Dust clouds hung in the air. Sun rays wove between each particle in an intricate lattice, covering the study in a blanket of buttery light. In the middle of the study laid the only person who had borne witness to such a magical display in many decades. Katrina appeared to melt into the floorboards not only because her cocoa brown complexion matched the bronze tones of the wood, but because she laid perfectly still, only allowing her chest to rise and fall in time with the lingering dust above her.
As she camouflaged in the floorboards, she was not entirely sure of how she came to be in that position, nor did she feel particularly inclined to make her presence known to the world once more. Her limbs felt immobile as if they’d been nailed to the floor. The air felt heavier and weighed on her chest. Her consciousness felt hazy like the sunlight dripping onto her skin through the study windows.
As soon as she stepped into the study, her mind flooded with memories that had previously been steeped in years of shadow and haze. Moving through the space covered wall to wall in stuffed mahogany bookshelves and yellowing map projections had been like a dream for Katrina. The smell of mildew covered pages and coffee-stained rugs filled her with nostalgia that many years before had manifested in the form of childlike wonder at the man who had worn the chair behind the desk thin.
Many of her memories of him were blurred impressions of scenes tinged with feelings of joy and security, but a few vivid images came to mind. This study had once been her grandfather’s palace. He was her benevolent Sir Maxwell and she was his little princess who accompanied him on adventures across paper oceans and ink continents. Most of her memories were of her small body being balanced on his knee as he whirled them around the room on his rolling throne. His stories and maps guided them around the world. Katrina felt exhilarated by the scenes they played battling pirates on the high seas and jumping across lava splattered mountains. These joy filled memories slipped through Katrina’s mind like a spoonful of warm honey. She savored the flavor of each memory as they slipped through her mind, but the sweet flavor soon turned sour.
Memories tainted with discomfort and sadness emerged from darker recesses of her mind. Her mother had interrupted a particularly important battle against the mermaids protecting the ocean surrounding Australia one day. She’d burst into the room, eyes stained red with tears and wisps of hair flying from her usually tightly secured bun. Sir Maxwell halted the campaign and set Katrina gingerly down onto the floor. There was a slight tremor in her mother’s hand as she reached for Katrina. Wordlessly, Katrina took her hand. It felt slick with sweat and frigid. Her mother’s eyes never left her grandfather who appeared to shrink under her unrelenting gaze.
After she took her hand, Katrina’s mother turned to go, but Katrina kept a hopeful eye on her brave knight, waiting for him to object and take her back into his arms.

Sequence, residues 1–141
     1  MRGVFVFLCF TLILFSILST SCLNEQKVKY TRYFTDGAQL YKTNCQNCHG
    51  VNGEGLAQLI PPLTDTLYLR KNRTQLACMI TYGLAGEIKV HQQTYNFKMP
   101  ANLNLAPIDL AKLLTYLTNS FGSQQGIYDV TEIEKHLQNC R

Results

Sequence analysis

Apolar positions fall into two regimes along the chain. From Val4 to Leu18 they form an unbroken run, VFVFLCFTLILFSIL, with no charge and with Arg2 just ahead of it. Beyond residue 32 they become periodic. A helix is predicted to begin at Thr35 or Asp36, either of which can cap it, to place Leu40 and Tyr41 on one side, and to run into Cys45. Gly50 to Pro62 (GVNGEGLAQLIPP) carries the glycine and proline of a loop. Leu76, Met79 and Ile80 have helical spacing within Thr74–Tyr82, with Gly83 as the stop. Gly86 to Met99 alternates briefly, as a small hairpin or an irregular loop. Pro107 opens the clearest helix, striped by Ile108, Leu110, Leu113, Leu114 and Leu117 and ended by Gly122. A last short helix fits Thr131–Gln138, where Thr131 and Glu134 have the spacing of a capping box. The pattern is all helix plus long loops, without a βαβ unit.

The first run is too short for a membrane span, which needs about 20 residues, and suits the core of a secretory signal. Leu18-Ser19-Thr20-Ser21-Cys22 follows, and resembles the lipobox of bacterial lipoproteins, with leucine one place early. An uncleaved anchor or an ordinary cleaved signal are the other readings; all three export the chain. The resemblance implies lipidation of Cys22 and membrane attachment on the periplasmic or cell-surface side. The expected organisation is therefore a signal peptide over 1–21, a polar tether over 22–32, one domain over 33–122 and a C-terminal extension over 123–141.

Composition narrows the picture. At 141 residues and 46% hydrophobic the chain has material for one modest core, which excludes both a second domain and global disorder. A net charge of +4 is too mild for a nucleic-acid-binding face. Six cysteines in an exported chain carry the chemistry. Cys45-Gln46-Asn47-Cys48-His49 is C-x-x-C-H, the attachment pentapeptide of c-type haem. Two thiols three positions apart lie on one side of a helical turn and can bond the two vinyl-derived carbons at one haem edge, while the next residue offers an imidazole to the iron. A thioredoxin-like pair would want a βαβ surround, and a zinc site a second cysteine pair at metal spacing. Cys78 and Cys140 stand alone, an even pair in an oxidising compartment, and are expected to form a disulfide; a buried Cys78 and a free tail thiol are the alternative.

“I love you, Princess Katrina. We’ll play again tomorrow,” he whispered, his deep brown eyes twinkling as he gave her a toothy smile.
“I love you too, Sir Maxwell,” Katrina answered.
“How dare you speak to her!” Katrina’s mother hissed, “You’re going to hell with that man! Don’t drag her down with you”. Her grip around Katrina’s child sized hand tightened.
“May, please! She needs her grandfather,” Sir Maxwell said as he stumbled out of the chair, reaching out for his princess. Katrina reached for his outstretched hand, but before she could reenter his embrace, her mother dragged her out of the study and slammed the door behind her.
Katrina spent the next few years distancing herself from her grandfather. Her memories of him were only preserved through the rumors whispered by her other family members. Not long after that day, her grandfather left her grandmother and ran away with a man named David. Katrina didn’t have a lot of memories of David. He’d played pirates with them a few times, but Katrina couldn’t remember his face, only that he seemed like a real life giant and his skin was a deep brown, even more so than her grandfather.
As Katrina got older, she watched how her mother’s resentment for her grandfather grew to whether away her. She became spiteful and was often tired. Growing up, Katrina had never considered the reasons behind her grandfather leaving. She wished he could have simply stayed with her grandmother. She wanted to play pirates one more time.
Now, many years later, she was inheriting his legacy. Her grandmother had died and passed the house on to her. She laid in the middle of the study in desperate need of cleaning, but how could she remove his presence from the space. Her knight had long left her, but she still longed to hold part of him close to her once more. She simply didn’t have the will to rip this part of her childhood from her heart.
Someone timidly knocked on the door, interrupting Katrina’s reminiscing.
“Yes!” she called.
Katrina watched as her mother slowly crept into the study and laid next to her. They laid side by side in silence as the sun set slowly, casting purple and pink rays over their faces. Katrina’s mother was the first to break the silence.
“He left because he loved David more than us.”
“He left because he found love, mom.”
“We loved him…”
“David loved him…unconditionally”. Katrina sighed. This was no longer her grandfather’s palace. Cobwebs covered the ceiling. The maps were peeling off the walls. Even his throne was dilapidated.
The sun finally dipped below the horizon. Suddenly, the study felt dark and cold as the dust clouds settled and the open door dispersed the smell of mildew and coffee stains.